Attractive enough to overcome a governor who signs, then breaks legal agreements with companies to score political points? Attractive enough to overcome the highest corporate tax rates in the region, and the 4th highest individual income tax burden in the nation? Attractive enough to offset the state's dismal rankings for business friendliness by several business publications and consulting firms?

If you want a true sense of how this governor and his legislature are perceived when it comes to business friendliness, talk to a small business owner here in Maryland. These people are the economic engine of our state, and our nation for that matter. They put more people to work than larger firms, export more goods to overseas markets, and put more back into the communities in which they work and live.

Consider the words of one Maryland small business owner, commenting in the Baltimore Sun on the Northrop Grumman news, as representative of the views of the small business community:
"Taxes are too high for small businesses & that's why hiring has dropped. Even the recent tax break to hire an unemployed worker is a ho-hum to a business owner. It will cost tens of thousands of dollars to keep someone & with all that is on the horizon (health care), it would be senseless to think I could keep them. Maryland doesn't GIVE me anything in incentives, only takes, takes, takes."

I began writing this article while sitting in the doctor's office for my allergy shots and, quite coincidentally, a couple of small business owners were having an animated discussion about the economy and how government is saddling them with more and more costs, leaving them with the option of laying off, not hiring, or raising prices on their customers. Sometimes this stuff just writes itself!

Theirs isn't an isolated opinion, either. I read it in the blogs, hear about it on the radio, and I get an earful from my online followers as well.

It's no surprise Governor O'Malley is talking about "jobs, jobs, jobs." He knows the small business owners are angry, and they're ready to take out their frustrations on the current leadership. Where was his devotion to "jobs, jobs, jobs" when he raised everyone's taxes, increasing small business costs and reducing consumer purchasing power so they buy less? Where was his passion for "jobs, jobs, jobs" when he nearly drove 4,000 construction jobs and 400 permanent positions out of the state in his vendetta against Constellation?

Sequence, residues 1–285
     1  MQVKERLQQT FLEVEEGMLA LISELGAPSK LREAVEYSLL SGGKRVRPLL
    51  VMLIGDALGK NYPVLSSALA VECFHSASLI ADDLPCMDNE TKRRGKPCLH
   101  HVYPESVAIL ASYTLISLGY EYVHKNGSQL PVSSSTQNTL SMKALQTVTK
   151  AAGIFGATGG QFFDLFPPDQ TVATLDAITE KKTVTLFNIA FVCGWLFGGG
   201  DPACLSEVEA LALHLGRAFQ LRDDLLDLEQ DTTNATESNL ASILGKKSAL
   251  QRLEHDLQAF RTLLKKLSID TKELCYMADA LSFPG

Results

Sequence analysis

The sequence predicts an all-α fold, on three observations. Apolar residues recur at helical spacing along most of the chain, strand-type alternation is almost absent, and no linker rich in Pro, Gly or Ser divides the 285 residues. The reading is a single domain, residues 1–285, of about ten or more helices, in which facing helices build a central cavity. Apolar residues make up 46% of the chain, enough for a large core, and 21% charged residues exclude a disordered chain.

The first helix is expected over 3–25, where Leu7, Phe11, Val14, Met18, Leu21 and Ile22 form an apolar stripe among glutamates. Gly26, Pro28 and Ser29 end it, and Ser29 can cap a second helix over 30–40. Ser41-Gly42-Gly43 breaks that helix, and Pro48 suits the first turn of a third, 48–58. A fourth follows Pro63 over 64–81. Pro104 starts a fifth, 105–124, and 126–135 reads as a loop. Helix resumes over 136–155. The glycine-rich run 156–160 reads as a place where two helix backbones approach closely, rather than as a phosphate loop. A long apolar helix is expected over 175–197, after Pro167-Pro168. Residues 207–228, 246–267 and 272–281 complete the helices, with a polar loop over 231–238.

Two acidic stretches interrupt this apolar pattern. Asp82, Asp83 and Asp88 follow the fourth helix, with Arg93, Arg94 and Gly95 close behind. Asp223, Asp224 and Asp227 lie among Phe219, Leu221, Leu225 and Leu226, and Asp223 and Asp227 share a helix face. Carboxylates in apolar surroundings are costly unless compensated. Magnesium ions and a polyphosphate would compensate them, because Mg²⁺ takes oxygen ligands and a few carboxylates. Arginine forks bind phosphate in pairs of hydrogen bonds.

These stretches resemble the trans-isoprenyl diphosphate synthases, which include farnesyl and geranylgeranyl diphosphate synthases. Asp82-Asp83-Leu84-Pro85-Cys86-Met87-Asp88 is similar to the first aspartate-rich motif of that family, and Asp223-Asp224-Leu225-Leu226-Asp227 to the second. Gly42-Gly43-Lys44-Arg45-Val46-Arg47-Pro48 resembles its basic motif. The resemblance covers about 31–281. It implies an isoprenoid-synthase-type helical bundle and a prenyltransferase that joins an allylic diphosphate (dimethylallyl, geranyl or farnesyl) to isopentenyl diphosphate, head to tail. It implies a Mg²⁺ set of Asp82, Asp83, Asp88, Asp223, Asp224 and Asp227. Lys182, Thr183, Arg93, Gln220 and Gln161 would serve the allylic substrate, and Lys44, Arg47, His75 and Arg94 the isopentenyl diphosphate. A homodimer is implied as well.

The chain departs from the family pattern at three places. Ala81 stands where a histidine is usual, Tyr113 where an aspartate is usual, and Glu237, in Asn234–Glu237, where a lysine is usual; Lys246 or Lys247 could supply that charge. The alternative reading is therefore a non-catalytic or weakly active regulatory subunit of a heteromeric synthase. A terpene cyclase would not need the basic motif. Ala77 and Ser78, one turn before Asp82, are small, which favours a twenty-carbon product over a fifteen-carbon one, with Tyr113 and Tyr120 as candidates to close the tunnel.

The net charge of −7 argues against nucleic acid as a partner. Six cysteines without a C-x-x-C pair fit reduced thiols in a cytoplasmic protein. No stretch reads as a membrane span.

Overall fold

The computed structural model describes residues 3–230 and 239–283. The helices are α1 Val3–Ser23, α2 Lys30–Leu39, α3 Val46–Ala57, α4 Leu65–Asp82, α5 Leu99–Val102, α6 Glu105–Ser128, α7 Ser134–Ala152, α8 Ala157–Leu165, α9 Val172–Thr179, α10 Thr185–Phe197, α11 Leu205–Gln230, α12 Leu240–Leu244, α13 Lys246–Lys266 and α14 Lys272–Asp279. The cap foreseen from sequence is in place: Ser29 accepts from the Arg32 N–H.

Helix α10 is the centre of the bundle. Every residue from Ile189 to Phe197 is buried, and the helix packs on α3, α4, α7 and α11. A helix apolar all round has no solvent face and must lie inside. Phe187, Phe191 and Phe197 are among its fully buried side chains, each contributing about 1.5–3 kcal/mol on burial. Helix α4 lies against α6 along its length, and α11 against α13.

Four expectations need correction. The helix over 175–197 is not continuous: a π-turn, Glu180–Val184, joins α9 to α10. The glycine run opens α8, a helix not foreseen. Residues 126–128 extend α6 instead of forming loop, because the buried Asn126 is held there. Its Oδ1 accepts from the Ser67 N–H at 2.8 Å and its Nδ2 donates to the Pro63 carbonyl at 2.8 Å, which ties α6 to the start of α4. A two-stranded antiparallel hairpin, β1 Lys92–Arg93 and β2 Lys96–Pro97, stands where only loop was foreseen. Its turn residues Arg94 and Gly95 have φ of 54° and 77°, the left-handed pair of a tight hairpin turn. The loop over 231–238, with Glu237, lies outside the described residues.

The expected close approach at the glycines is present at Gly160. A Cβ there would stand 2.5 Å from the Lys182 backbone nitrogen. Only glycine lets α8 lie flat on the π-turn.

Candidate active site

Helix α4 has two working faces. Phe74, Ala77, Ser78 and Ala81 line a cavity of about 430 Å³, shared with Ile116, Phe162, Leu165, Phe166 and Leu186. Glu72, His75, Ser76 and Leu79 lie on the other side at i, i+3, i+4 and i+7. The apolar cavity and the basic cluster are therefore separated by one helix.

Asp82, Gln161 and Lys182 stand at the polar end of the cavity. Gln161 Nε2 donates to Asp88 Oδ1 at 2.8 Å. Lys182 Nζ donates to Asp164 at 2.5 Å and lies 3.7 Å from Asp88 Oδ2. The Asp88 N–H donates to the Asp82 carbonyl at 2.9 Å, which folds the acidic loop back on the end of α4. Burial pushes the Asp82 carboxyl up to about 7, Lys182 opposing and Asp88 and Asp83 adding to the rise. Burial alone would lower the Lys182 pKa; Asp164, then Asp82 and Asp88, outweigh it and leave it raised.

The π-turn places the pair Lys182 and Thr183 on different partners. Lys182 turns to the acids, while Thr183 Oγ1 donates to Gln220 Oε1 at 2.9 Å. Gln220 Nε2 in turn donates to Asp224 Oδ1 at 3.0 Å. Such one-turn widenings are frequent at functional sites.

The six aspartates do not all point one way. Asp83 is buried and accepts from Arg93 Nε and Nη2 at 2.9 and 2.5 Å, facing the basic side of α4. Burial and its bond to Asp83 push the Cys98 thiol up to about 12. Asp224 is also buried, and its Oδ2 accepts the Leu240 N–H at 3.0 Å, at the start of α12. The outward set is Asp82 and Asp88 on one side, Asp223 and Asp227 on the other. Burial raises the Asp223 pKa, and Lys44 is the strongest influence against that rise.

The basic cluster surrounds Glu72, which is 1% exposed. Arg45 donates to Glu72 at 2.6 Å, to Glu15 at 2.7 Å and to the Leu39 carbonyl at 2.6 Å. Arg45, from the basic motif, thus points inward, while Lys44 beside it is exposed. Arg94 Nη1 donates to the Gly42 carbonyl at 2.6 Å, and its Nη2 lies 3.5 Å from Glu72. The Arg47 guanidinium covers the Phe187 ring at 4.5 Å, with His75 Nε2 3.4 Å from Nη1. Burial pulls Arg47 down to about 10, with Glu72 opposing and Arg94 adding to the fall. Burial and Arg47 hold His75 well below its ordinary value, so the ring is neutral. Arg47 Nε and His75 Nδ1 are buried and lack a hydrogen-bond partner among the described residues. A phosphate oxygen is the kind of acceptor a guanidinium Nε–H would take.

By the way, I want to commend Constellation CEO Mayo Shattuck who, after being called everything but a child of God by the governor and his cronies, agreed to help the state lure Northrop Grumman here. The governor could learn something from him.

The bottom line is that small business owners can see right through Governor O'Malley's epiphany, and they know he's just trying to save his own "job, job, job."

So we congratulate Virginia once more as they successfully woo yet another business to the other side of the Potomac. You see, in Virginia, job creation is a permanent policy objective, supported by Republican and Democratic governors and legislatures alike. The pursuit of happiness, the right of free people to earn and keep the fruits of their labors, was first codified in the Virginia Declaration of Rights in 1776. Job creation is part of Virginia's DNA.

In Maryland, job creation is a campaign slogan, dusted off every four years and immediately forgotten in the wake of the election returns.

Nothing stimulates the economy and boosts consumer confidence more than jobs and, as I personally know all too well, nothing stresses the family, hurts the finances, and burdens the spirit more than not having a job. Ask the 180 Northrop Grumman employees in Hagerstown who received layoff notices in March, even as the state was competing to be the home of their corporate headquarters. Ask the 228,800 unemployed Marylanders, or the thousands more who aren't included in that number because they've given up on finding a job.

Ask me.

Ron Miller, of Huntingtown, is a military veteran, conservative writer and activist, communications director for the Calvert County Republican Party, and executive director of Regular Folks United, Inc., a 501(c)3 nonprofit organization.  Ron is a regular contributor to, American Thinker, and You can also follow Ron on his website, as well as Twitter and Facebook.